Growing Local Food Businesses for Community Economic Development

Author: Michelle McGrath, Executive Director, Gorge Grown Food Network, and Sarai Johnson, Assistant Director, NEDCO

Publish Date: Spring 2014

Throughout Oregon, interest in leveraging enthusiasm for local food as an economic development tool is growing. Two community food system organizations, Gorge Grown Food Network (Gorge Grown) in Hood River, Oregon and Neighborhood Economic Development Corporation (NEDCO) in Springfield, Oregon have launched programs to support new food entrepreneurs in their regions. Both organizations were responding to a growing demand for assistance in acquiring the skills, knowledge and tools fledgling food businesses need to succeed.

Gorge Grown’s Food Biz Incubator

In 2006, Gorge Grown launched the Hood River Farmers’ Market as a way to facilitate sales of fresh, local produce and meat to local customers. Since then, they have seen the market grow from a six vendor affair to a vibrant 32 vendor must-do Thursday activity. New food businesses have joined the market, and other nearby communities are also building thriving, community farmers’ markets, and the result has been an overall increase in both demand for local food and infrastructure to support small farmers and food businesses.

The increase in viable farmers’ markets and small farms has laid the foundation for a burgeoning value-added product sector. Take the story of thriving Hood River-based company PocketFuel for example. Founded in 2010, PocketFuel produces an almond-based whole food fuel for athletes. They started their company by renting the commercial kitchen at the Columbia Gorge Community College, selling their product at the Hood River Farmers’ Market, and taking advantage of local business planning classes. Today, they have a state-of-the-art facility of their own, a staff team of five and growing, and distribution in more than 400 locations. Using local fruit to flavor their energy fuels and creating local jobs, PocketFuel’s success contributes to the local economy.

Gorge Grown officially launched their Food Biz Incubator in the spring of 2013. The program relies on connecting local farmers and food entrepreneurs to regional experts in value-added production. Logistics, outreach, evaluation, and demand documentation are supported by Gorge Grown, and local resource providers share their skills or knowledge in a workshop with an audience of aspiring food entrepreneurs. Workshop topics are determined by surveying the needs of aspiring value-added producers. Examples of courses include Food & Farm Law 101, Food Safety Basics for Value-Added Producers, Communication Planning for New Value-Added Businesses, and the three-day Marketplace Readiness Series (a collaboration with OSU-Extension Hood River County). This series included a review of state and county food laws with local officials, production and labeling related training with the Food Innovation Center, and a marketing component with several local graphic designers.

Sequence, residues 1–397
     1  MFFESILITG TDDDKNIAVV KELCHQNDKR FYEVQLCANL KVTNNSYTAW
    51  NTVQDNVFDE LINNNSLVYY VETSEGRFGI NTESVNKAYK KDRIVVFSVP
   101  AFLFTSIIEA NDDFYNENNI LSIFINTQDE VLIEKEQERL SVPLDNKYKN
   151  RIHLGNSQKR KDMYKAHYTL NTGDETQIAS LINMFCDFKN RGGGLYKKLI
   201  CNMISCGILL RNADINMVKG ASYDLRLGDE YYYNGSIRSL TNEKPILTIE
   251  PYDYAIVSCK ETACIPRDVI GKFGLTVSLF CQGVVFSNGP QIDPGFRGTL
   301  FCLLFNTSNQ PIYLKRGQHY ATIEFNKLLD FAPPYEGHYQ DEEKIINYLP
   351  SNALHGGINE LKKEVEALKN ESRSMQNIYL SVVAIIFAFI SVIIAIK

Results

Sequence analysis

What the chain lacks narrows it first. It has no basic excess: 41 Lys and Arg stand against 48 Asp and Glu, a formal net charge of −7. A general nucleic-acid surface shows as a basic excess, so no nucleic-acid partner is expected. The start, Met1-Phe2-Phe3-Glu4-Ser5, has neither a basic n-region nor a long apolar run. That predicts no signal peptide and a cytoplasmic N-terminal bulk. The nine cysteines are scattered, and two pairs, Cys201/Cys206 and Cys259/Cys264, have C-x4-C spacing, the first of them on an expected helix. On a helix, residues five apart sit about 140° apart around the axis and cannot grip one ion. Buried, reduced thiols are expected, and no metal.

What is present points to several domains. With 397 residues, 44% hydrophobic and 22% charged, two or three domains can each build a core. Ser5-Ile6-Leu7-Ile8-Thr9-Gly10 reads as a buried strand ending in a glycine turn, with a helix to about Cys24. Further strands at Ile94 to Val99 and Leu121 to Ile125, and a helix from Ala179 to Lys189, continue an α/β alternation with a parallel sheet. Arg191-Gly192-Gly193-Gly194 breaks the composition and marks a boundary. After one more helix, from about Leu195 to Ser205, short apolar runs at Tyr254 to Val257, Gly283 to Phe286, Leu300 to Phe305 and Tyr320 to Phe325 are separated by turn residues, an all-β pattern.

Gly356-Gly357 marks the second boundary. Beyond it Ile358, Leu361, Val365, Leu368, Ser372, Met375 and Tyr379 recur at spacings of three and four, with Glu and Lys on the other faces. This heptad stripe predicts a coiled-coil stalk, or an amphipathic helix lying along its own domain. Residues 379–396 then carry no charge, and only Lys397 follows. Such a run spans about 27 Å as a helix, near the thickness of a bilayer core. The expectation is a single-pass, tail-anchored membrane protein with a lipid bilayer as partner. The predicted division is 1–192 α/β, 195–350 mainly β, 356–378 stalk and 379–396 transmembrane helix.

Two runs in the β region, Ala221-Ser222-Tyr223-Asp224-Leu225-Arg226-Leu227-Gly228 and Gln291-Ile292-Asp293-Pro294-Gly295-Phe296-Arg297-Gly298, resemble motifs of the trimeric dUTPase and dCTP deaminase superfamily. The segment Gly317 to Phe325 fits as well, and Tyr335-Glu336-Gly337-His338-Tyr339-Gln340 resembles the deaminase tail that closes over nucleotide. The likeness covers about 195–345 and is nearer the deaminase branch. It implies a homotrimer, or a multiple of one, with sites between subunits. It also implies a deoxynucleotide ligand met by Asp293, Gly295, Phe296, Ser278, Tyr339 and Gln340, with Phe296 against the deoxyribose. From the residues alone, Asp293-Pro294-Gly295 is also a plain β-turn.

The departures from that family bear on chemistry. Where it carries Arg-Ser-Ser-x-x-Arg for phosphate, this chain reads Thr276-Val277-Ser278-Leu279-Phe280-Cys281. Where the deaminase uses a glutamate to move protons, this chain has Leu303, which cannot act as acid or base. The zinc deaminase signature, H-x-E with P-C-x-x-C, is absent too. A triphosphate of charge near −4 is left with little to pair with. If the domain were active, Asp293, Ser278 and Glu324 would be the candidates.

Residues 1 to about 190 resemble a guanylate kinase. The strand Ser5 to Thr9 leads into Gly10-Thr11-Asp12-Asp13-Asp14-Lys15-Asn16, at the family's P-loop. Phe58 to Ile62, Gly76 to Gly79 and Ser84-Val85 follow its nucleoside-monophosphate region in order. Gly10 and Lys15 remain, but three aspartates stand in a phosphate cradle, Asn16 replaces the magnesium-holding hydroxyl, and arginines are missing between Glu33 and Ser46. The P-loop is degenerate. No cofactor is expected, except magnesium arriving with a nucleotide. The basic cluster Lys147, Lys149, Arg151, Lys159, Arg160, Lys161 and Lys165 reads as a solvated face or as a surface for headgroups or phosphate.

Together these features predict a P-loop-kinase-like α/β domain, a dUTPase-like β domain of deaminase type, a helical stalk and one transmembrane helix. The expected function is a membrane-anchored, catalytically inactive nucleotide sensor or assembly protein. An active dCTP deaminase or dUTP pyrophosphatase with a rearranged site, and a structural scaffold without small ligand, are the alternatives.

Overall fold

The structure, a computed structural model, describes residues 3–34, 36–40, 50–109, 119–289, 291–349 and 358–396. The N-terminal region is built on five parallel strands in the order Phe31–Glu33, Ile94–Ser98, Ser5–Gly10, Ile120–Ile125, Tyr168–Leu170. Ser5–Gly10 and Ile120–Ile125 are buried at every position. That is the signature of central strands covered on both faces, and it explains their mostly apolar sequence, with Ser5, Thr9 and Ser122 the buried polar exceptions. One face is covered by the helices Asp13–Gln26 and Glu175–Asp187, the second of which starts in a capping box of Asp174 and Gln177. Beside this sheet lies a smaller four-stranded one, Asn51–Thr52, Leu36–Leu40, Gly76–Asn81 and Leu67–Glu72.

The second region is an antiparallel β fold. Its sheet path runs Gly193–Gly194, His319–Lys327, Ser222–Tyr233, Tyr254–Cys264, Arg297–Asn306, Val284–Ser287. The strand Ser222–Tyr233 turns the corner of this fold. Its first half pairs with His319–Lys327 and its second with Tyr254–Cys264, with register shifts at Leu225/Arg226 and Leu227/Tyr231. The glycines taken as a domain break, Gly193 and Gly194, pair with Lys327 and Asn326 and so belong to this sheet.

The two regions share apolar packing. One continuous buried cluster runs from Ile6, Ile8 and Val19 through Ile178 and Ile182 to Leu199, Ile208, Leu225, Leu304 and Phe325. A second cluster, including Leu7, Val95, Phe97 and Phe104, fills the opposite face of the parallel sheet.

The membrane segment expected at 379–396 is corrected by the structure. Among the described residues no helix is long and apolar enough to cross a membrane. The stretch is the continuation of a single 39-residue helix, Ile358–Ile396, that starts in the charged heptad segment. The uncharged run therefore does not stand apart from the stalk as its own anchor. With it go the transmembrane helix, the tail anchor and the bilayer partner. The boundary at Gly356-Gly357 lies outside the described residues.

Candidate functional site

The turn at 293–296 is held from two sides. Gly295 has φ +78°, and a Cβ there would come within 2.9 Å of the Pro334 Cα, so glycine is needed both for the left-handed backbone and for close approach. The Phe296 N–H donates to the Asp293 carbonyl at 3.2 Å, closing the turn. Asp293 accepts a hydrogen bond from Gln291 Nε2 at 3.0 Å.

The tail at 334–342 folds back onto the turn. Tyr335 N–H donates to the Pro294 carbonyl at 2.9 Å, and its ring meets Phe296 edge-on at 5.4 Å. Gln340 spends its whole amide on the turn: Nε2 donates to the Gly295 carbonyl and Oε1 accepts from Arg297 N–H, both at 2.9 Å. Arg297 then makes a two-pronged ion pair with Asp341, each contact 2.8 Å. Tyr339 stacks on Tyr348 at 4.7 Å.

The Food Biz Incubator will also result in an online resource hub to include a guide to the area’s commercial kitchens and a road map for local food start-ups. The program is only as successful as Gorge Grown is in facilitating collaboration amongst resource providers for the benefit of value-added production in the Gorge. This work has been informed by a value-added needs assessment and is funded by Meyer Memorial Trust. For a copy of the assessment or the survey used to conduct the assessment, email

NEDCO’s Sprout & Hatch Programs

In 2010, in response to a lagging economy and high unemployment, NEDCO partnered with the City of Springfield to create and launch Hatch Business Incubator. With three initial enrollees, the program offered comprehensive business technical assistance and education, affordable retail space on Main Street, and access to capital through matched savings accounts and, as of 2011, NEDCO’s affiliate Community Development Financial Institution, Community LendingWorks.

It quickly became apparent that the food industry - the only industry in Lane  County to see growth in the depths of the recession - was ripe for entrepreneurial development. Food carts, farmers, and other food businesses were ready to get started or to grow, but they were constrained by limited access to commercial kitchens and lack of access to capital. Simultaneously, NEDCO observed consumer demand rising for year-round access to fresh, local food as its customers at the seasonal Springfield Farmers’ Market, opened in 2008, expressed this desire. In late 2011, NEDCO purchased the First Christian Church in downtown Springfield in order to house the idea that would later become Sprout! Regional Food Hub.

Today, Sprout! offers a 3000 square foot kitchen for rent by small food businesses, such as farmers who are ready to expand their businesses by producing value-added items, but who are not quite ready for copacking or other arrangements. Springfield Farmers’ Market became Marketplace@Sprout!, operating year-round in the former sanctuary of the church facility. Hatch Business Incubator has grown to focus intently on supporting the food industry, while Community LendingWorks, in tandem, has created a suite of loan products appropriate for a variety of food businesses at various stages of growth. Many Sprout! businesses work through the programs and quickly grow, obtain capital, and move on to larger packing and space elsewhere to keep building the local and regional economy. People who move through Sprout! programs are apt to agree that “Food Grows Community.” It does, in so many ways - from the farmer to the consumer, to the small business, to the full community, food business opens the door to economic security for the community.

For more about Gorge Grown Food Network and FoodBiz: